The recent Supreme Court ruling striking down the ban on corporate and union spending at election time is both blessing and curse. On the one hand, removing a legal barrier to free speech is always a good thing in itself. Government shouldn’t dictate who can speak or from where people may get information.
More contentiousness in politics is better than less. Free–wheeling debate is more likely to produce good outcomes than a controlled flow of information.
But there is a downside to the ruling that we should freely acknowledge. If history and recent times are any indication, big corporations and unions will use their new freedom of political speech to promote bad ideas. By “bad ideas” I mean proposals for more government interference with our lives and liberty.
It’s a great myth that businesses, especially big prominent corporations, want less government intervention in the economy. On the contrary, they love government power because it provides things they can’t achieve in a freely competitive marketplace where force and fraud are barred.
Corporations lobby for interventions that benefit themselves by hampering competitors. You often find companies asking for tariffs and other restrictions on imports that compete too effectively with their products. Agribusinesses welcome taxpayer help in selling their products abroad; they also love subsidies, price supports, and acreage allotments.
Businesses, despite public impression, routinely support regulations imposing product standards and other requirements. Why? Burdens from government rules don’t fall uniformly on all firms. Major corporations with big legal and accounting departments can handle regulations far more easily than small firms can.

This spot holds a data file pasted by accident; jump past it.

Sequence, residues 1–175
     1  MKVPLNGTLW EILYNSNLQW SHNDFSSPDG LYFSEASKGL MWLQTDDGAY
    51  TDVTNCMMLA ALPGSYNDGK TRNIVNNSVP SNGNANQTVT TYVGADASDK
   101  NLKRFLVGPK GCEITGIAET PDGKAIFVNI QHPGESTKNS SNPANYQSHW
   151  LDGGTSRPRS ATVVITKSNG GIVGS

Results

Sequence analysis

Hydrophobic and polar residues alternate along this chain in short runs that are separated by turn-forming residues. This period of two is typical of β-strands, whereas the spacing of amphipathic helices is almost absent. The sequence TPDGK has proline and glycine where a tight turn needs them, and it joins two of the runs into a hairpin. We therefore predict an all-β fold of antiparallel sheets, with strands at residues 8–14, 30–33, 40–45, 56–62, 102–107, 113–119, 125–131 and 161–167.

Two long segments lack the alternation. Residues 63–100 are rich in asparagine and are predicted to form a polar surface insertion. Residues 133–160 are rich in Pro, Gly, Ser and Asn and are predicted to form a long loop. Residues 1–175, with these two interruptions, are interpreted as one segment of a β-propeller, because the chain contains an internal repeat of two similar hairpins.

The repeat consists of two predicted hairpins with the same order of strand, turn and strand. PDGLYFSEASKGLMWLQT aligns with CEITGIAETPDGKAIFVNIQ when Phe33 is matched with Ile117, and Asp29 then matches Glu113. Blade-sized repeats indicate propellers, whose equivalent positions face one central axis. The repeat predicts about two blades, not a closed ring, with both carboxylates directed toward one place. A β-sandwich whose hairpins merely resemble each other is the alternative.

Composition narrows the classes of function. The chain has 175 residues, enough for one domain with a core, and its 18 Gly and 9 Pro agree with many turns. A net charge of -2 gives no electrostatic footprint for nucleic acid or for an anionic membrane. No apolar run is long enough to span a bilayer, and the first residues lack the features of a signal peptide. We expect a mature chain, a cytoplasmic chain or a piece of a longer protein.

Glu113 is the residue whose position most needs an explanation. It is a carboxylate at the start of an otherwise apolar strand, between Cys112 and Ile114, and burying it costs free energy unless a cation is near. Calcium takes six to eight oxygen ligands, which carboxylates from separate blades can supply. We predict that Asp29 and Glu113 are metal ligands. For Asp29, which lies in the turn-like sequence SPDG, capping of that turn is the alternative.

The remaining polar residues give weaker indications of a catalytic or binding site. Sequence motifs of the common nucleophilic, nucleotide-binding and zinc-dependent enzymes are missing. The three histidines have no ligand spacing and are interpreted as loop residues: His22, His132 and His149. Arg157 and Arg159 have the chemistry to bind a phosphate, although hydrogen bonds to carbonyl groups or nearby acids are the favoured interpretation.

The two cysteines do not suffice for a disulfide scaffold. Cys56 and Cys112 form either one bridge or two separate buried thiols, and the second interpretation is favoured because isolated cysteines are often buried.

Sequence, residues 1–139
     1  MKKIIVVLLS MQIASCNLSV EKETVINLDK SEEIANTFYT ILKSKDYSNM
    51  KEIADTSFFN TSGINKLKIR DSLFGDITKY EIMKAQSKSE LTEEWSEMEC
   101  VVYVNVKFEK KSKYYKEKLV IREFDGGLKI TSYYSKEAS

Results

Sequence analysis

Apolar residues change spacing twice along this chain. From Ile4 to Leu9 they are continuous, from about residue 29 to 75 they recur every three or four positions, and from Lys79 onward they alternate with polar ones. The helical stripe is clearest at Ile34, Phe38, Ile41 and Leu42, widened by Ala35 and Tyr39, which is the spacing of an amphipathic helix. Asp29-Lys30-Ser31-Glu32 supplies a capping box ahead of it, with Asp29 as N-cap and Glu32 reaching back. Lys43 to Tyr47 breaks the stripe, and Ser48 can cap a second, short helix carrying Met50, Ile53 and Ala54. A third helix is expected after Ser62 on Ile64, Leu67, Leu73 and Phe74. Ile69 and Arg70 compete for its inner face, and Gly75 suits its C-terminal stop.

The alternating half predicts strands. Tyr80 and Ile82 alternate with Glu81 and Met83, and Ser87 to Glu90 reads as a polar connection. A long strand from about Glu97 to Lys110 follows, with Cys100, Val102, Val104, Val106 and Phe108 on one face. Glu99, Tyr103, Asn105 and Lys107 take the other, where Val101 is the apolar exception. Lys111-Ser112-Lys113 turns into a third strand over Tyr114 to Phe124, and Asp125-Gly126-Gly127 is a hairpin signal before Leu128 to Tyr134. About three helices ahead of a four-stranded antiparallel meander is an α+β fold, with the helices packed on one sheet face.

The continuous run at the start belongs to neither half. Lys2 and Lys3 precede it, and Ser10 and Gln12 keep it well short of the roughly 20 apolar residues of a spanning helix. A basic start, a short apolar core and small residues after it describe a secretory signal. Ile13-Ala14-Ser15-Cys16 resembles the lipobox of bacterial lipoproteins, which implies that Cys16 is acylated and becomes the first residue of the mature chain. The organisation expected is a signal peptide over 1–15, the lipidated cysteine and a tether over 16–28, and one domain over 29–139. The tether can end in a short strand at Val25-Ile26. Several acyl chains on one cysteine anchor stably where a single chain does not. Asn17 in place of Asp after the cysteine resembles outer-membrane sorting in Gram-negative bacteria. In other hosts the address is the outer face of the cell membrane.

Moreover, when government dictates product standards, say in the name of safety, it removes that factor from the competitive arena, giving companies less incentive to outdo their competitors along that dimension.
In American history big companies were behind virtually every advancement of the regulatory state. Things are no different today — even under Barack Obama.
Admittedly this is not the way the story is usually told. Business is thought to favor deregulation, while progressive forces favor enlightened government guidance. But in fact, big business (and a lot of small business too) would panic at the thought of thorough laissez faire — the end to all guarantees.
So here’s the dilemma: limits on free political speech for corporations and unions offend our sense of justice, but they will use free speech to pursue unjust ends. What to do?
There is only one answer. We must strip government of the power to dispense privileges to anyone. If we can pull that off, the problem of money in politics will evaporate.
Sheldon Richman is senior fellow at The Future of Freedom Foundation (www.fff.org) magazine.
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